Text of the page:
I love the tradition of treating yourself or your family for everyday illnesses, making sure you have a good kit, or at least know where to find wild herbs safely. In Vancouver, folks wildcraft lemon balm, horsetail, plaintain, shepherd’s purse, yellow dock, red clover, nettles, red raspberry, dandelions. It’s good to have the apothecary if you don’t have that knowledge or the time to gather your own herbs, if you need advice about what to take, and if you have a naturopath supporting your health who can prescribe herbal medicine. The master herbalist at Gaia has helped me so much over the years. He showed me a page in one of his favourite books, which shows all the known medicinal properties contained in ginger root. There were over three hundred!

apothecary © elisa rathje 2011

Row upon row of dried herbs, plants that have been used for thousands of years. There’s an herb room in the back where Gaia’s teas are made, and they do mail order and wholesale herbs.

apothecary © elisa rathje 2011

Row upon row of tinctures. These are alcohol and water extracts, one part plant material to three parts liquid. Wild cherry bark and passion flower sound delicious! The apothecary makes tincture formulas for patients, like going to a pharmacy and getting a prescription.

apothecary © elisa rathje 2011

apothecary © elisa rathje 2011

Essential oil is usually steam-distilled, and needs very special equipment. With infused oils, put the plant material in an oil base for a couple of weeks, strain and use, or you can give it a little bit of heat for a couple of days instead. I’m going to try this! Gaia would need a separate distillery for each oil, required microbial testing is far too expensive to do small batches of tincture, so they work with a company that produces oils on a much bigger scale. Besides making my own infused oils, Kathleen, my herbology teacher for the day, has inspired me to make tinctures:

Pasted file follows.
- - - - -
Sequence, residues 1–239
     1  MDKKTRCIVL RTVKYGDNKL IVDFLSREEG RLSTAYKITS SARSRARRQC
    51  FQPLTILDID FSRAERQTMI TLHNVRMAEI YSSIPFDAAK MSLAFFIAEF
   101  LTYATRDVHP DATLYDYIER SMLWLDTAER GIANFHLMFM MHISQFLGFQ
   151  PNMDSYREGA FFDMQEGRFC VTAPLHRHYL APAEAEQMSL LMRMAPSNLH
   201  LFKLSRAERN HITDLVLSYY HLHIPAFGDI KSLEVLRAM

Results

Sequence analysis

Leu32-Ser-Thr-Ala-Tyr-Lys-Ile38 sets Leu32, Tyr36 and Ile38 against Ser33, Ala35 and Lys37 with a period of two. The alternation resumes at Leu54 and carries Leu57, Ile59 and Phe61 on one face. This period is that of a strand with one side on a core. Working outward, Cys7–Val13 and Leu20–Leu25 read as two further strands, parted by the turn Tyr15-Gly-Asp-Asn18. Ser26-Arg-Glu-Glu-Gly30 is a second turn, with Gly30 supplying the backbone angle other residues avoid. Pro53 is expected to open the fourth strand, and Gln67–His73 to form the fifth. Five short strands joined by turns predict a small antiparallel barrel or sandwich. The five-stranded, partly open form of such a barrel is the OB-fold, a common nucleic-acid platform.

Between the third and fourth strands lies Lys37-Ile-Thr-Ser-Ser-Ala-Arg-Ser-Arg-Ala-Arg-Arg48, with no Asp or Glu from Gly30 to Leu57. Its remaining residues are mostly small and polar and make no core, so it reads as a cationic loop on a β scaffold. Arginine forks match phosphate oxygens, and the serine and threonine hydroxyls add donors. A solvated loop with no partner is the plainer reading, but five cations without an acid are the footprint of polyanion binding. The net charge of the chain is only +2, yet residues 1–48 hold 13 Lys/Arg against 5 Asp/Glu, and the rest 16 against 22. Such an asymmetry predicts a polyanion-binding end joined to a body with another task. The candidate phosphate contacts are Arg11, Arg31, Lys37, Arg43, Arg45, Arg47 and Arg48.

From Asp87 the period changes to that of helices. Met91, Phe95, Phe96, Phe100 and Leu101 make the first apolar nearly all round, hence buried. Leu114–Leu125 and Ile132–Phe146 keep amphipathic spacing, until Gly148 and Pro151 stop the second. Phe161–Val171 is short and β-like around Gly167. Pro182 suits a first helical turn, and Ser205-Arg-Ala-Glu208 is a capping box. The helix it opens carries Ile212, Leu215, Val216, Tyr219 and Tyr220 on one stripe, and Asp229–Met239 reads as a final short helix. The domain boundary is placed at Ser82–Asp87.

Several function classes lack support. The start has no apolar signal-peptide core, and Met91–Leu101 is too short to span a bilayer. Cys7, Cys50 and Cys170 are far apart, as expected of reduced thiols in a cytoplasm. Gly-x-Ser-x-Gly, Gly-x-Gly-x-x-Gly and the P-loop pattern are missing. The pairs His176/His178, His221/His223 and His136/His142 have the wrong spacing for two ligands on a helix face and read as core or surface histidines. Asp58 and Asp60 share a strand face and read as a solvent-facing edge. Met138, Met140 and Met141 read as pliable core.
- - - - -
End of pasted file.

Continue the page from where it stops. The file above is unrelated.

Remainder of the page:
If you ever wanted to make a tincture at home they’re actually really easy to make. One of the best alcohols to use is vodka, mostly because it doesn’t really have a smell of it’s own and isn’t going to interfere with the herbs you put in it. You just need a big jar, put plant material in it, pour the alcohol in so it covers the plant material. A couple of weeks, shake it every day, strain it, bottle it up, that’s it you have a tincture! Very simple really. Making tinctures like that is a method they’ve used for hundreds of years, the monks used to make digestive bitters with alcohol the same, and we’re still using those herbs, like frangelico… made as medicinals.

Fascinating that some of the infused liqueurs we have now were orginally made as medicinals. I imagine it’s fairly recently that we’ve even abandoned the idea of having alcohol in the house for medicinal purposes, especially when you didn’t have antiseptics and painkillers. Thank you to Kathleen, for showing me round the apothecary, and to everyone at Gaia Garden for welcoming me into your beautiful space. I’m so glad that you exist, supporting natural medicine.

Come and see my first tincture. If you’d like a look at what I have in the works for the future, don’t miss the postcards! Sign up for appleturnover’s first newsletter, out for the equinox this week.

elderberry cordial

Preserving berries as a cordial takes me hurtling back to childhood. My grandmother would make a syrup from the wild blackberries she would pick each summer. She’d fill green bottles that seemed colossal to me, and the stuff was rich, heady and gorgeously dark.

elderberry cordial © elisa rathje 2011